CSE Staff and Consultants teach a Work and Health Course at UCLA one semester each year and have, over the last ten years, provided over 100 students with skills on conducting surveillance at the workplace and measurement of exposures and outcomes such as blood pressure.
The CSE sponsors a number of education activities including 1) a course at UCLA (Work and Health), 2) a course at UCI of Occupational Cardiology, 3) conferences and workshops in international settings, and 4) regular meetings of the California Work and Health Study Group (last held this past May 2010 in Berkeley).
The Center is involved in the preparation and publication of scientific articles and books. CSE is proud to have had two books published during the past decade each with over 30 internationally recognized authors; the first, The Workplace and Cardiovascular Disease published by Hanley and Belfus in 2000 and the second, Unhealthy Work: Causes, Consequences, Cures published by Baywood in 2009. In 2010 book parties were held in Los Angeles and Berkeley to promote Unhealthy Work at which several of the books editors gave presentations.
The Center is excited to have just had Unhealthy Work translated by colleagues into Korean and Spanish. The Korean version was published in September 2010, Seoul, Korea by GyeChuk Mun Wha Sa (Publisher) while the University de Los Andes in Bogota, Colombia is publishing the Spanish version edited by Dr. Viviola Gomez, Department of Psychology.
During 2010, CSE consultants have prepared multiple abstracts, some based on a pilot web survey of Orange County Fire Authority (OCFA) firefighters conducted with colleagues at the UCI COEH. Several abstracts were accepted as oral presentations, a few others as poster presentations at the 4th International Conference of Occupational Health (ICOH) Work Organization and Psychosocial Stressors (WOPS) conference in Amsterdam in June 2010.
Paul Landsbergis, consultant to the CSE, with Peter Schnall, recently published a book chapter on job strain and cardiovascular disease for the second edition of the Handbook of Occupational Health Psychology. He is in the process of working on several new manuscripts, including a meta-analysis of job strain and ambulatory blood pressure (in collaboration with Marnie Dobson and Peter Schnall of the CSE) and a study of job strain and masked hypertension. Additionally, Paul authored papers for the 2010 Global Obesity Summit recently held in Jackson, Mississippi.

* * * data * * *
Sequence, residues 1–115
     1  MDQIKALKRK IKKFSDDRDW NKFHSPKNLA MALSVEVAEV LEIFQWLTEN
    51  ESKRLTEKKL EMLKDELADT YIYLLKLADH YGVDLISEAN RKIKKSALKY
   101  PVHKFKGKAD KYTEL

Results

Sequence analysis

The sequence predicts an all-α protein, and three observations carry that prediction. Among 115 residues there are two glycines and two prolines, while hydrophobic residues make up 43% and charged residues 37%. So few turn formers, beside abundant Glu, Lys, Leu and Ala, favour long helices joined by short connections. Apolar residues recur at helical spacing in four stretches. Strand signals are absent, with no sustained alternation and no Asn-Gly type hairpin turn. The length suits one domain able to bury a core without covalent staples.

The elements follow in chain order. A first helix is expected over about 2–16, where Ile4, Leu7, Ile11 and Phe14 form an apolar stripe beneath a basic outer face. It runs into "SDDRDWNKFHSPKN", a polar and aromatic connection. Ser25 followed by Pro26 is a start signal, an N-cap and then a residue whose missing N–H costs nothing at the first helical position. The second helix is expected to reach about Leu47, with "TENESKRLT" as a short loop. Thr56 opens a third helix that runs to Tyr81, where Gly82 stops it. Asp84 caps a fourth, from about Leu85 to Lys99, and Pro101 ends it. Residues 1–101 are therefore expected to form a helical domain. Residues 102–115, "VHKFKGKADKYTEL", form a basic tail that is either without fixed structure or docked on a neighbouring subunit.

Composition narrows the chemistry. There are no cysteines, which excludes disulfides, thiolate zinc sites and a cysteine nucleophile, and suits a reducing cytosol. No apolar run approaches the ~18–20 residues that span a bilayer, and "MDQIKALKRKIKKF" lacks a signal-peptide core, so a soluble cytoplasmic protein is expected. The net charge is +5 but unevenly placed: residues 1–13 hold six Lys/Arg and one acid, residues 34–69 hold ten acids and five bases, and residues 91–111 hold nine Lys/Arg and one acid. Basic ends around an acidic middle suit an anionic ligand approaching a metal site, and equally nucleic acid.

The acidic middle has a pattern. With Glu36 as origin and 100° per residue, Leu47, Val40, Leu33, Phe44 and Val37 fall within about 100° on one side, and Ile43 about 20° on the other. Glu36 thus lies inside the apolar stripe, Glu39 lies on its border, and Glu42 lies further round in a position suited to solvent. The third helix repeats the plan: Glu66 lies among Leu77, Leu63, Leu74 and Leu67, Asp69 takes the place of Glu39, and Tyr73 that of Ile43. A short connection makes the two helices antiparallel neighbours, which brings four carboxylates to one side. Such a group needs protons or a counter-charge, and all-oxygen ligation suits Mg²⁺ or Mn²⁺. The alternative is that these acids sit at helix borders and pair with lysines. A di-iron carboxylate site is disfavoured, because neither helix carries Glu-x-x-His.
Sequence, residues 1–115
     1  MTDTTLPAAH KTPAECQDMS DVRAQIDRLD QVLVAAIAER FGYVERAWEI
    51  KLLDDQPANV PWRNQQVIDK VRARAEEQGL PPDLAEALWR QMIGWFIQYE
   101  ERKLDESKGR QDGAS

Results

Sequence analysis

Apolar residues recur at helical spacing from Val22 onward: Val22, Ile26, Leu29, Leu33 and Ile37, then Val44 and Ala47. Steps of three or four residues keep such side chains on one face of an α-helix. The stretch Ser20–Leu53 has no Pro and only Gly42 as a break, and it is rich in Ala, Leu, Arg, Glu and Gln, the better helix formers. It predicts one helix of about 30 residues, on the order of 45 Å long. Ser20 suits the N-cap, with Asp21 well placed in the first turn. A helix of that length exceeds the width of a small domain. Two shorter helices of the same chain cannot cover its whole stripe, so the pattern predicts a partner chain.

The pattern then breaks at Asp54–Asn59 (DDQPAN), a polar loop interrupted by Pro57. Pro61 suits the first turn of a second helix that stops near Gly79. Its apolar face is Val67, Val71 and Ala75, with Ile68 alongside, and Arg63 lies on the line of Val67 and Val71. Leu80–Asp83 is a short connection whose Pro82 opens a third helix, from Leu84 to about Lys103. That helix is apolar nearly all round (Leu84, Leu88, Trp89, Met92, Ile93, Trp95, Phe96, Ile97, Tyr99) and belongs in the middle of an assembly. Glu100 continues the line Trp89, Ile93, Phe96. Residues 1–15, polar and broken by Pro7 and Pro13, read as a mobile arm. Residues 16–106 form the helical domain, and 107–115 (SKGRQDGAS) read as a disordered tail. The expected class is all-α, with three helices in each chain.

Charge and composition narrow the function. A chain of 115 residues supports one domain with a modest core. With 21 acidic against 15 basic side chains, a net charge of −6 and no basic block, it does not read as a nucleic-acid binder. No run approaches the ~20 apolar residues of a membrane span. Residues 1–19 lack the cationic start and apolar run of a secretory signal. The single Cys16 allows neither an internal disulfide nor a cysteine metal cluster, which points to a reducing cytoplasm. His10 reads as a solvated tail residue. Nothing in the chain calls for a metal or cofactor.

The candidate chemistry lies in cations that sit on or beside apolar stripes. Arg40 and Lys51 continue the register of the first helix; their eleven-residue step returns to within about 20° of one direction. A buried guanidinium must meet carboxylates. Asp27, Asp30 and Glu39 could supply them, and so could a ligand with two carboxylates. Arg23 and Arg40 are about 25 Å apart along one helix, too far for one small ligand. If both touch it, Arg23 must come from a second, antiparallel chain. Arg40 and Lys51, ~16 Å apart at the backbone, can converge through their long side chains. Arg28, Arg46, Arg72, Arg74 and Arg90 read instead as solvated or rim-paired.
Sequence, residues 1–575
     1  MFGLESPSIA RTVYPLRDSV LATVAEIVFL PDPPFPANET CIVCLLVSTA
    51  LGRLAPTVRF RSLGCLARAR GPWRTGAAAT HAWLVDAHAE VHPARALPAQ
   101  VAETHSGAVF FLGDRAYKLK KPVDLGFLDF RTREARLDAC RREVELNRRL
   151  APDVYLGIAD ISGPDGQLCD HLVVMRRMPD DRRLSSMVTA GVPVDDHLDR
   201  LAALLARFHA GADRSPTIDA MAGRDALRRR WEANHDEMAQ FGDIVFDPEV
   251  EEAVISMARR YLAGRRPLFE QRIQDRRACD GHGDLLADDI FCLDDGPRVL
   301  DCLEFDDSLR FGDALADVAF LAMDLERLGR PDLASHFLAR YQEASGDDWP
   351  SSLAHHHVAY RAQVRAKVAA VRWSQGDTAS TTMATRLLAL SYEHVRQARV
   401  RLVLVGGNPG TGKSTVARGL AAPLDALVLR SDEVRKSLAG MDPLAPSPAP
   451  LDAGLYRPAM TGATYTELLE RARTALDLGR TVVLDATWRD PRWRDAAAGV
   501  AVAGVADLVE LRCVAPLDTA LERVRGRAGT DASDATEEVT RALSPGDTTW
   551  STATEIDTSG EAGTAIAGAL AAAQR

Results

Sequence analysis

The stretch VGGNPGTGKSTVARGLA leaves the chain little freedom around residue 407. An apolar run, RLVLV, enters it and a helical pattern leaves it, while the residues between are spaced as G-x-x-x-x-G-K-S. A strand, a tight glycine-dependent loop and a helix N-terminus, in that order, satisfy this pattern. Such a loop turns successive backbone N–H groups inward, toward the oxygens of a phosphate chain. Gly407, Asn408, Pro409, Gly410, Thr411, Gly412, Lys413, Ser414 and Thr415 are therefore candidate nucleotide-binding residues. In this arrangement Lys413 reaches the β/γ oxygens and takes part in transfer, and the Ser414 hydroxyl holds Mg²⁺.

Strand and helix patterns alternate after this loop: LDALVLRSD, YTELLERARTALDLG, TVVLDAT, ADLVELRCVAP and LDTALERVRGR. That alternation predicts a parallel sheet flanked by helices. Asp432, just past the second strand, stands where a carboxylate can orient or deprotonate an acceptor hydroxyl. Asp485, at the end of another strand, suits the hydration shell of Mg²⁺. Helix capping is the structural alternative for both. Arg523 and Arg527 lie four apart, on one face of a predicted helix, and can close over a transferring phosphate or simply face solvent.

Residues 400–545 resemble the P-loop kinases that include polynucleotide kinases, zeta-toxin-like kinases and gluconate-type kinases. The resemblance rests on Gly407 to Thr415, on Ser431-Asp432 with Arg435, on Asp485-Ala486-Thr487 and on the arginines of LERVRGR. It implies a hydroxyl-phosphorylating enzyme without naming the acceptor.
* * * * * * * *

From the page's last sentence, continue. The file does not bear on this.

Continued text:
BongKyoo Choi, consultant to the CSE, published papers on work and obesity during 2010 in the American Journal of Industrial Medicine and the International Journal of Occupational Medicine and Environmental Health.. His other research on work and obesity using a US national dataset was well received at the 2010 ICOH-WOPS conference in Amsterdam, the Netherlands (Best Abstract Award and 2010 Global Obesity Summit, Jackson, MS (New Investigator Travel Award). In addition, he submitted a critical commentary to NIH on their draft strategies for research into obesity.
The Center also considers the education of the public one of its main goals. To support this aim, the Center’s Informations Systems Manager (ISM), Erin Wigger, moderates a network of health professionals through several listservs and manages a website using web design software (Dreamweaver).
Expansion of the ISM’s role at the Center includes broadening the Center’s fundraising efforts, the redesign of the Center’s Job Stress Network website as well as the creation and development of a blog and new website based on the Center’s recently published book, Unhealthy Work: Causes, Consequences, Cures, Baywood, 2009. This website represents the first of the Center’s efforts to begin presenting information on work and health to the lay-public.
On March 5, 2008, participants from health, economic, academic, labor, and other sectors gathered at the Woodrow Wilson Center to discuss work’s contribution to public health and national economic costs. Research shows that employees facing high demands at their job, combined with low control over the work process or little reward, are more likely to die of heart disease and suffer from mental health problems than workers without such job stressors. The panelists of this event presented data on the relationship between work and health in order to illustrate its global impact.